You are on page 1of 57

Irfan Arshad 1

Muhammad Irfan Arshad


Roll No: AX846575
Professor Dr. Adnan Riaz
LEVEL: MS (MANAGEMENT SCIENCES)
Date: 25
th
Sep 2014
STRATEGIC MARKETING (8703)
SEMESTER: SPRING 2014
ASSIGNMENT No. 2
(Units: 59)
ALLAMA IQBAL OPEN UNIVERSITY, ISLAMABAD
(Department of Business Administration)
Irfan Arshad 2
Question 1: Suppose the management of Allama Iqbal Open University wishes to
establish a product-management function covering both new and existing programmes
offered by the university. Develope product planning program in this regard?
Allama Iqbal Open University wishes to establish a product management department to serve
the voice of the students and to better help and understand market needs and future trends.
This function will typically generate an extensive roadmap of new courses and training
programs to gain competitive edge and this product management really will be used
strategically. Since most educational institutions revenues come primarily from their courses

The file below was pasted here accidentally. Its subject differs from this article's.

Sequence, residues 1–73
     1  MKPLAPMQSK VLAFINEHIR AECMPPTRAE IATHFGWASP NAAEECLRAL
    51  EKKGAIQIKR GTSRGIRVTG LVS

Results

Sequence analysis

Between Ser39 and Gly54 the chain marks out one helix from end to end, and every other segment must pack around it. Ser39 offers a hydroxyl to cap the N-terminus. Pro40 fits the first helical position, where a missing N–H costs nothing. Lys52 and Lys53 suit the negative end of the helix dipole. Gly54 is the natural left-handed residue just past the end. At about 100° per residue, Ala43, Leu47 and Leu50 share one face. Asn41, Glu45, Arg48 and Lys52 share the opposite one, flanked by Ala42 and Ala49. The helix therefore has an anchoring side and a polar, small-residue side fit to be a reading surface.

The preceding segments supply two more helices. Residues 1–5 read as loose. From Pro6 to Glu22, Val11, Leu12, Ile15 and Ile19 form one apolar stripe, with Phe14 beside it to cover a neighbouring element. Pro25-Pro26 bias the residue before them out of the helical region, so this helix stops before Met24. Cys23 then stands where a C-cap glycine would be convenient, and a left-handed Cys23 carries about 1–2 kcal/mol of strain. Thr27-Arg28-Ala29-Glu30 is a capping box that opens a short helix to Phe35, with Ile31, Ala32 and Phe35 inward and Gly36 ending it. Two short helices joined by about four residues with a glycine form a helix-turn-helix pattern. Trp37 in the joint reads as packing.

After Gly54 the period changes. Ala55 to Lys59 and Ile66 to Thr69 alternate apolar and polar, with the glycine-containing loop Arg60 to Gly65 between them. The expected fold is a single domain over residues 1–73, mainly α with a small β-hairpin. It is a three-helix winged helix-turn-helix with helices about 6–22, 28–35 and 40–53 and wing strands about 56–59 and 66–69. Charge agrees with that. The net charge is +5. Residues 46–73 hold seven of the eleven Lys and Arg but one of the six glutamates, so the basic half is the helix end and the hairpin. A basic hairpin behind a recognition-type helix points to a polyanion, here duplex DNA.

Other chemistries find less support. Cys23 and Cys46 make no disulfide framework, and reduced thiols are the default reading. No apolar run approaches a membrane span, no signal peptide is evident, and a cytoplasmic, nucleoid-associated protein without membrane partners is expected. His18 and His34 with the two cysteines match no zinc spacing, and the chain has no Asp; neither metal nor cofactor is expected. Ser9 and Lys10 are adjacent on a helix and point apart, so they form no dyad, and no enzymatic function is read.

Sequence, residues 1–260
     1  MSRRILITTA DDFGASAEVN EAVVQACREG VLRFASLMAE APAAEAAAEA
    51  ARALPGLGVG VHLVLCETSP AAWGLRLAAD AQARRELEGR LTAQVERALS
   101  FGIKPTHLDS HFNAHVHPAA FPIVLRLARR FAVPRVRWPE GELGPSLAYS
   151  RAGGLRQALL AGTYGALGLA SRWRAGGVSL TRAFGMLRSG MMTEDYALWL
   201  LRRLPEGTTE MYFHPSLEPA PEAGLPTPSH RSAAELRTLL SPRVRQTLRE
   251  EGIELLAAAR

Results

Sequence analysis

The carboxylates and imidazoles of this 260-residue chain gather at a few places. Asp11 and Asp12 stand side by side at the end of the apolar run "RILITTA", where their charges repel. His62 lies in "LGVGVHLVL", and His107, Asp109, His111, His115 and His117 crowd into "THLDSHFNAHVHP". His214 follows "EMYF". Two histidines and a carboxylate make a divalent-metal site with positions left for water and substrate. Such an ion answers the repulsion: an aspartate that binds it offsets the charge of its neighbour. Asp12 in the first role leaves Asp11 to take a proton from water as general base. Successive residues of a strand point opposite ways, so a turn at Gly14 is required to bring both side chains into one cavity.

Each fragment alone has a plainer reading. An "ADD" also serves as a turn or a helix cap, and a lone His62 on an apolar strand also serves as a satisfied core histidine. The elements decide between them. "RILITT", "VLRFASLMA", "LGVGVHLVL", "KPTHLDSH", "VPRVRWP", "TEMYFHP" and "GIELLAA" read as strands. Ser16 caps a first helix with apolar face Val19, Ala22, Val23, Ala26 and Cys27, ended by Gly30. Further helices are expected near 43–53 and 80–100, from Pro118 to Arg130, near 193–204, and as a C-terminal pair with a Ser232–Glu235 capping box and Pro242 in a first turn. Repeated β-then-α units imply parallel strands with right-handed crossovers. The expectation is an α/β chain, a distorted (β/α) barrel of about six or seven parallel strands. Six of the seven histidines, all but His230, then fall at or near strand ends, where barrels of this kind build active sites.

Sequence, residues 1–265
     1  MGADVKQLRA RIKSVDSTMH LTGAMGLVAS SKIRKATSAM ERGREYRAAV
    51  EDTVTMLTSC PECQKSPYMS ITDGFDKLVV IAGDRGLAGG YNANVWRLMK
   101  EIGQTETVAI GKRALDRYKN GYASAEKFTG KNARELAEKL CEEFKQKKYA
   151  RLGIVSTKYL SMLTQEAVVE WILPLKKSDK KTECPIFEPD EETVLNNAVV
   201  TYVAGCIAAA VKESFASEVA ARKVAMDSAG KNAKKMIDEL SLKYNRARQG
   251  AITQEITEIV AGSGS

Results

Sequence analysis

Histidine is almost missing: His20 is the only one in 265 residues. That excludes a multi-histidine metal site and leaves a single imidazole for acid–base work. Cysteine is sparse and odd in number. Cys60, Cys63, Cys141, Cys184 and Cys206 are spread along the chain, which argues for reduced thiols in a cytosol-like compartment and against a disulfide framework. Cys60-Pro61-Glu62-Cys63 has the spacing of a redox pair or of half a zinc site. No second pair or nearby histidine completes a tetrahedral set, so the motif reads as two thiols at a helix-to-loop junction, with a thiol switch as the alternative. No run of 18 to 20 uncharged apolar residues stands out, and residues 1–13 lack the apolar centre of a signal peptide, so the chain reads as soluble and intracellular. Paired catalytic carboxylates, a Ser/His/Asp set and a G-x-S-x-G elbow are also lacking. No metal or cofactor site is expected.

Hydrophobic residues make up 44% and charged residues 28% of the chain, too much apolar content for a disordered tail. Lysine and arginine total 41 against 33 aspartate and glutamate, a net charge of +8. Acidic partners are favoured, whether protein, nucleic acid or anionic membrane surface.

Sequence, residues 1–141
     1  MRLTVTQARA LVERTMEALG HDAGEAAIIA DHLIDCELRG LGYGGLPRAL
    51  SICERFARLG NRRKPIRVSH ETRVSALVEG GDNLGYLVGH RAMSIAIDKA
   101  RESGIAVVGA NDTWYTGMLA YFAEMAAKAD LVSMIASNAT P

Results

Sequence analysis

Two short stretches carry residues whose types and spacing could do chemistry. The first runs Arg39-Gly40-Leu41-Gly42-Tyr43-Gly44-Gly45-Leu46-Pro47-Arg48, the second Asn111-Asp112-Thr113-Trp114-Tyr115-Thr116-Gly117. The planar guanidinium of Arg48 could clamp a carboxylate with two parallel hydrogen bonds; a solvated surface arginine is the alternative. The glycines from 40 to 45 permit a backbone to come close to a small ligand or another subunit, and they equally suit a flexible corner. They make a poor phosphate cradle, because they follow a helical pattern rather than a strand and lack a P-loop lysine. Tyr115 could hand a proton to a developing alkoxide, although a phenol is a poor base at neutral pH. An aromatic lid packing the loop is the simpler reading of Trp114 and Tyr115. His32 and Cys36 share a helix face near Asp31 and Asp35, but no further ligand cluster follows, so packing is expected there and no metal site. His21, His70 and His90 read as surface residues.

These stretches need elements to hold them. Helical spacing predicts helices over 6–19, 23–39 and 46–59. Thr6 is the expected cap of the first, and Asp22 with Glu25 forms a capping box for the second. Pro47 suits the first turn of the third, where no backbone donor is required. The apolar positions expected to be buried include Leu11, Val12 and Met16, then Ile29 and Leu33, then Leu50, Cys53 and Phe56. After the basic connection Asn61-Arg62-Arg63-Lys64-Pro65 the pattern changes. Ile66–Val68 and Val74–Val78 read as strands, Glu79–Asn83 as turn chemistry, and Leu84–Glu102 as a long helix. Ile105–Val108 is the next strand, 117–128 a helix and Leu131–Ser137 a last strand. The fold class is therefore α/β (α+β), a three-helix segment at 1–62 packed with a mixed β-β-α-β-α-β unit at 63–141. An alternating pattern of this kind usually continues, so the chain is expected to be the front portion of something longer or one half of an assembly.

and training programs, you would think that the newly establish product management
function would carefully craft a strategy in close scrutiny of the researchers and that it would
be meticulously aligned with an overarching corporate strategy.
The main objective of a product management function should be to ensure that all courses are
developed that delivers some business value to a specific set of students in order to gain a
certain market share upon a defined corporate strategy. The Market Planning Program for
new Marketing Management Function will describe the market opportunity, profiles the
target students, specifies fee structure, identifies the financial goals, indicates the key
priorities for development and enhancement, and provides a roadmap for delivery for at least
the next four quarters.
The newly established marketing management department get feedback from students,
speaking with the university researchers, obtaining a list of the top technical support issues,
surveying competitor positions and features, and receiving new ideas from faculty, the